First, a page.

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Mental health and wellbeing

From September 2021, we appointed Mrs Nicola Willett as our Pastoral, Mental Health and Wellbeing Lead. As a school, we aim to create and promote an ethos for positive mental wellbeing and resilience amongst pupils and staff. Within her role, Mrs Willett will support the Headteacher and school in providing support for the emotional wellbeing and health needs of our staff, children and parents. She is also able to signpost parents and staff to relevant support and services where appropriate. Mrs Willett will also be responsible for coordinating the mental health needs of pupils and overseeing the delivery of interventions where these are being delivered in school.

In order for this role to be successful, it will:

  • Provide direct support for parents, pupils and staff.
  • Support teachers to support children in their class.
  • Facilitate group work and peer support sessions.
  • Embed the Mental Health and Wellbeing policy within school.
  • Liaise with external agencies and other professionals where appropriate.

Mrs Willett is available for informal chats with parents if you feel you need any support or advice surrounding the emotional needs of your child. She will also hold regular drop-in coffee morning sessions with our SENDCO, Mrs Shepherd, to provide links to additional support.

If you wish to contact Mrs Willett, or would like to arrange an appointment to chat to her, please contact the school office on or phone 01945 584915.

ELSA – Emotional Literacy Support Assistant

Mrs Willett is also ELSA (Emotional Literacy Support Assistant) trained. She has regular supervision from a trained educational psychologist to help her in her work. ELSAs help children and young people learn to understand their emotions and respect the feelings of those around them. They provide the time and space for pupils to think about their personal circumstances and how they manage them.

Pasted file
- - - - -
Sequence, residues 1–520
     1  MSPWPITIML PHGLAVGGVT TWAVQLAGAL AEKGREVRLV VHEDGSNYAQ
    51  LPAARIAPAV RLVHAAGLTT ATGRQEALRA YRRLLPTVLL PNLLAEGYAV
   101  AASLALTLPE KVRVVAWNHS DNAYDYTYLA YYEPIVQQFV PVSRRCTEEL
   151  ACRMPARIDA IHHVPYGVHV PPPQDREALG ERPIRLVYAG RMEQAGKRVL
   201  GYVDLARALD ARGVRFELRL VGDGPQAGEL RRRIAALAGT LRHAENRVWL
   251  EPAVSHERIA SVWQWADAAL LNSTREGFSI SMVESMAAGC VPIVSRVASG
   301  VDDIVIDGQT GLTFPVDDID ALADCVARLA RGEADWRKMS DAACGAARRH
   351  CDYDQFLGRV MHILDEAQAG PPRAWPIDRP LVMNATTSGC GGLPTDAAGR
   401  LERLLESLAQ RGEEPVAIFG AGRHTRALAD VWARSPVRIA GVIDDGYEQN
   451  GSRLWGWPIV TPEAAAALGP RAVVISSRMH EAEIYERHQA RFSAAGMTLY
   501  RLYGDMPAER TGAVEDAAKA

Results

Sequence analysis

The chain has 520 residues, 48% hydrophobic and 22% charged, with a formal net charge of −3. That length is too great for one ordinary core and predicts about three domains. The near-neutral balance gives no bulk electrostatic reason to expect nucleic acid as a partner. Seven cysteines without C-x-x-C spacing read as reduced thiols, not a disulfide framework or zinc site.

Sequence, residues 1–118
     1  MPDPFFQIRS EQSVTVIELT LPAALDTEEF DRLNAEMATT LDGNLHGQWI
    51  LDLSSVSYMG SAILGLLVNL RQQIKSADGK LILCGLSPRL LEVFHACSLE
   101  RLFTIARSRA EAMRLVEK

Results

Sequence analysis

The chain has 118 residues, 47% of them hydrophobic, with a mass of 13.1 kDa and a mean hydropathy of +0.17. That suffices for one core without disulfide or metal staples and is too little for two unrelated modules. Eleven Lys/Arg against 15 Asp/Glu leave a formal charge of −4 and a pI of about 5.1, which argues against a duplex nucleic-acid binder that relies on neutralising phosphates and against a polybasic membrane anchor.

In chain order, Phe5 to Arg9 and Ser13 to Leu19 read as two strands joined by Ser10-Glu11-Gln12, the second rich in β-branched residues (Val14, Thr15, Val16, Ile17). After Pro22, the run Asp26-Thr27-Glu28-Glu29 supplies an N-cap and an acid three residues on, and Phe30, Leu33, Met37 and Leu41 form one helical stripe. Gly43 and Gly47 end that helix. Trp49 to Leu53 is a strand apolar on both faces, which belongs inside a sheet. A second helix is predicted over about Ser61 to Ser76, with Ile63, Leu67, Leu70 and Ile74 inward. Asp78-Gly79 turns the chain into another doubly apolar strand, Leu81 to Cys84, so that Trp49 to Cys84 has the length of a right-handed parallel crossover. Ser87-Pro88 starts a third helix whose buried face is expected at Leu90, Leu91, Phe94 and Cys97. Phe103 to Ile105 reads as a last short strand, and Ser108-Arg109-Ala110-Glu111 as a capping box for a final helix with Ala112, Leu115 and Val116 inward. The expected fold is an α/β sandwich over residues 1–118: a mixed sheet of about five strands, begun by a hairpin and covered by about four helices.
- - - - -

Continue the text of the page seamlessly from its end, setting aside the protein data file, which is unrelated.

Children may be identified by class teachers, or parents, and bespoke programmes are put in place to support the specific needs of the children. The ELSA will then liaise directly with the class teachers to discuss progress and check on whether new skills are being transferred to the classroom.

Most ELSA programmes will last for 6 to 12 weeks, helping the pupil to learn some specific new skills or coping strategies. Clear programme aims (SMART targets) need to be set early on and each session has an objective - something the ELSA wants to help the pupil understand or achieve.

The ELSA isn’t there to ‘fix’ the child. For pupils with complex or long-term needs, it is unrealistic to expect ELSA support to resolve all their difficulties. Change is a long-term process that needs everyone’s help.

ELSA work should be fun – that is what makes the difference. It isn’t a reward for bad behaviour. By building a positive relationship with challenging children, the ELSA can help them think about and reduce their troublesome behaviour. It will take time, but will be worth it in the end.